49. The Fire Drill The fire drill is a very important part of Lambeth Housing Office duty as an employer to ensure that all you as staff know how to react in the event of a fire. At least one drill every 6 months which is law. This can either be pre-planned and letting everyone know there is going to be a drill, at a certain time and a certain place, or the more effective way would be to have a completely unannounced drill. The purpose of the fire drill is to:  Ensure that you as staff know the correct procedure to follow in case of fire.  To ensure persons nominated as Fire Marshals carry out their duties effectively.  To underpin staff training.  To help identify any problems with the emergency plan.
  50. The Emergency Plan As the Fire Risk Assessment has now been carried out and implemented all the findings, it is a requirement of the Fire Regulations and the Management of Health and Safety at Work Regulations, that Lambeth Housing Office prepares an emergency plan. This should cover the following:  The Fire Risk Assessment  On going hazard identification  Inspection and maintenance of fire precaution equipment  Designation and duties of the fire marshals.  Action employees should take in discovering a fire  How people will be warned if there is a fire  How the evacuation of the buildings will be carried out  Where people should assemble once they have left the building and the procedures for checking whether the building has been evacuated
  51. The Emergency Plan (cont)  Identification of key escape routes, and how people can gain access to them and escape from them to a place of safety.  Fire fighting equipment provided.  Arrangements for safe evacuation of people identified as being especially at risk, such as visitors , contractors, or any person with a disability.  Arrangements for power supplies which made need to be stopped.  Arrangements for high risk work areas  Who will be responsible for calling the fire rescue services  Procedures for liaising with the fire rescue services on their arrival and notifying them of any special risks e.g location of flammable materials.  What training that employees need, and arrangements to make sure that it is given, like todays training which you are receiving.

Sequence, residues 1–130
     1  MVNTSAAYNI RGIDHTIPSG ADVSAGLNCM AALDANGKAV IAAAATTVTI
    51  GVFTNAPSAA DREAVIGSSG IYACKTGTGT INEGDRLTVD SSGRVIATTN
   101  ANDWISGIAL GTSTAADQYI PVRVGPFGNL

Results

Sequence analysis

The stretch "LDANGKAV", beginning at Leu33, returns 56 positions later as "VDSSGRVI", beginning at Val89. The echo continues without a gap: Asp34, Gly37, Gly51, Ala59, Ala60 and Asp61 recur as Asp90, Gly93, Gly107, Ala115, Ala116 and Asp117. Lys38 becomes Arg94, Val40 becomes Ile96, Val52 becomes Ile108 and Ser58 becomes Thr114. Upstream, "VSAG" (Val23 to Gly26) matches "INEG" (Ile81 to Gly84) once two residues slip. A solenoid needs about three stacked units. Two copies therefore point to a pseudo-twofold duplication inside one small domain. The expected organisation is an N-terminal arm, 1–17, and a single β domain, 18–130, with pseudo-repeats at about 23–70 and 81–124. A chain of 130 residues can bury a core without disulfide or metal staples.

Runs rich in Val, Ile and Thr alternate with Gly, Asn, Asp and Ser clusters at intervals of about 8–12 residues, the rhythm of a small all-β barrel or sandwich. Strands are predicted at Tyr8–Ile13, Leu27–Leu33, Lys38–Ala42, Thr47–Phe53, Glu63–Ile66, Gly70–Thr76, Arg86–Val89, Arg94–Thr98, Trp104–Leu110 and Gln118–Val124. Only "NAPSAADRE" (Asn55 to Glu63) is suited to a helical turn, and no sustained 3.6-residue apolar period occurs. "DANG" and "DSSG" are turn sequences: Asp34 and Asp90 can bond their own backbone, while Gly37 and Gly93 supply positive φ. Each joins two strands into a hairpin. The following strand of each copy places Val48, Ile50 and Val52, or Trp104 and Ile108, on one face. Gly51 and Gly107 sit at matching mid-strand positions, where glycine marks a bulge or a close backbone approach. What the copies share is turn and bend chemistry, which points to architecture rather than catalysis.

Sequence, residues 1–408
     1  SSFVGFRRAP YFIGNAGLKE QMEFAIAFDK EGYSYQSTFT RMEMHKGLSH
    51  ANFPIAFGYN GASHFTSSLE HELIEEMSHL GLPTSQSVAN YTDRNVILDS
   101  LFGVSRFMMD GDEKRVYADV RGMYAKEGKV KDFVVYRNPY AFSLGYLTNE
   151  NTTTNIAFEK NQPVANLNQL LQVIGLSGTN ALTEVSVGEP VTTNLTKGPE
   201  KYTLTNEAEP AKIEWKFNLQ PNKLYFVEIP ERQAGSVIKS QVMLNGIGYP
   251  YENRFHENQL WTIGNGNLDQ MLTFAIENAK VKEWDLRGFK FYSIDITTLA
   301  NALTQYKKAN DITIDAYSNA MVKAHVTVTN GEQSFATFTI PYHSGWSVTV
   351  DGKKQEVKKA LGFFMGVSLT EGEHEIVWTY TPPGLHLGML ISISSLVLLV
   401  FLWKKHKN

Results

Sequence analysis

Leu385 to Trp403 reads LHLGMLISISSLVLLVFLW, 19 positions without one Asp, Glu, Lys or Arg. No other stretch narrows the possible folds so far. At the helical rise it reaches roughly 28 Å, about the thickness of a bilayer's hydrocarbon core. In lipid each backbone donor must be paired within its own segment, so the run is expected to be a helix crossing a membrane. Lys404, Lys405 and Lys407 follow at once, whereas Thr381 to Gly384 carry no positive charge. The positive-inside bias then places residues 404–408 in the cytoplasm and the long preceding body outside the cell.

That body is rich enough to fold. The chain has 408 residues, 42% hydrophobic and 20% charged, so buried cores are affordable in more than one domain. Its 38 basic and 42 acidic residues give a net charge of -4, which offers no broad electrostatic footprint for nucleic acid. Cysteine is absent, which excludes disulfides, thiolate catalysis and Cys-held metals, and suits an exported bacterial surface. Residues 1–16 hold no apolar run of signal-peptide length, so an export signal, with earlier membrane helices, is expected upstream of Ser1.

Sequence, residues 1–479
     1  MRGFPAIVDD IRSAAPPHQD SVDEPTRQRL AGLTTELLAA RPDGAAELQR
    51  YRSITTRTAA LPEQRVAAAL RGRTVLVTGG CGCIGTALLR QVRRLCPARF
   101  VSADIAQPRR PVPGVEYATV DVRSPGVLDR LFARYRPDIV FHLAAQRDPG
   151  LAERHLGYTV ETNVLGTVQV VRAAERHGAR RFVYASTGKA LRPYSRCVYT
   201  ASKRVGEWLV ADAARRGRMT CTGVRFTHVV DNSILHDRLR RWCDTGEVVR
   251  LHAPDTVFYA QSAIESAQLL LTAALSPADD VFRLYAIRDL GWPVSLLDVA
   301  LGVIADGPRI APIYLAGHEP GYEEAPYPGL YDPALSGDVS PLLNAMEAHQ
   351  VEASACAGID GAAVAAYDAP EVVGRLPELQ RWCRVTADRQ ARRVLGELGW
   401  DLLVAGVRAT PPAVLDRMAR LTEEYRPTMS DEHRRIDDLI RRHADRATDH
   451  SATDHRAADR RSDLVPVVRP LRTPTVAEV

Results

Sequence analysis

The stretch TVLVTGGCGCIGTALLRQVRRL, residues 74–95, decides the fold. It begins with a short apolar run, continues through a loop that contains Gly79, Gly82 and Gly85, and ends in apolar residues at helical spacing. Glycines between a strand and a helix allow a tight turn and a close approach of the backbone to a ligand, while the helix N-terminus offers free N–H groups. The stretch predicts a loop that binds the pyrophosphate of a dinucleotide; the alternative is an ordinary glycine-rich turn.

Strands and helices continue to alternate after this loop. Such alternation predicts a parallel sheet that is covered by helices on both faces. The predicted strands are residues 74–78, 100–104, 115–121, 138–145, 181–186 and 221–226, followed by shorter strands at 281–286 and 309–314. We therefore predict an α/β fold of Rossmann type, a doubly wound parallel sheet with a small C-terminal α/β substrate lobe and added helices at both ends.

52. Focus On Fire Sit back and relax and watch 11 minute Video and recap on all we have spoken about this morning, before you launch into the Fire Safety Quiz.
  53. The Fire Safety Quiz Test your knowledge and understanding of what you have learnt today in this presentation Good luck! 15 Minutes Can you then please fill out your Training Evaluation Sheets in front of you when you have finished and make sure you put your name clearly at the top and where you are from and any comments you would like to make, so that well there are parts of training which could be better this can be looked at for further training, or particular parts you enjoyed more.
  54. The Answers 1) a) Water & b)Foam 2) c) When the person in charge or the fire officer says so. 3) c) Regularly clearing rubbish and waste. 4) a) Ensure the precautions identified in the risk assessment are maintained. b) Taking the appropriate action in the event of fire. c) Ongoing fire Hazards Identification and reporting to Health & Safety Team so that immediate remedial action can be taken. d) Ensure so far as possible the safe evacuation of everyone from the premises.
  55. The Answers - cont 5) c) Green 6) c) Flammable Liquids 7) c) Operate the nearest Fire Alarm Call Point 8) Heat , Fuel , Oxygen 9) a) Fire Action notices 10) d) Evacuate immediately 11) b) Radiation, Convection, Conduction d) Direct Burning, Flashover, Backdraft 12) a) To Identify potential Fire Hazards b) To Identify everyone at risk c) To Eliminate, control or avoid the Hazard d) To consider whether the existing fire arrangements in place are adequate or need improving
  56. The Answers - cont 13) c) CO2 14) d) 30 minutes 15) c) The Regulatory (Fire Safety) Order 2005 16) a) Paper and waste in general b) Furniture Chairs & Fabrics 17) a) Flashover 18) a) Pull , Aim , Squeeze , Sweep 19) C) if the the fire is going out, close the door and evacuate the building. d) Always keep an exit behind you so that you can escape quickly if need be.
  57. THE END  Thank you for attending this training session today, I hope it has been helpful and will make you more aware of how important you are as staff, and now Fire Marshalls for Lambeth Housing, and more importantly know what you have to do do in an emergency situation, and that you could leave this session with a better understanding of Fire Awareness.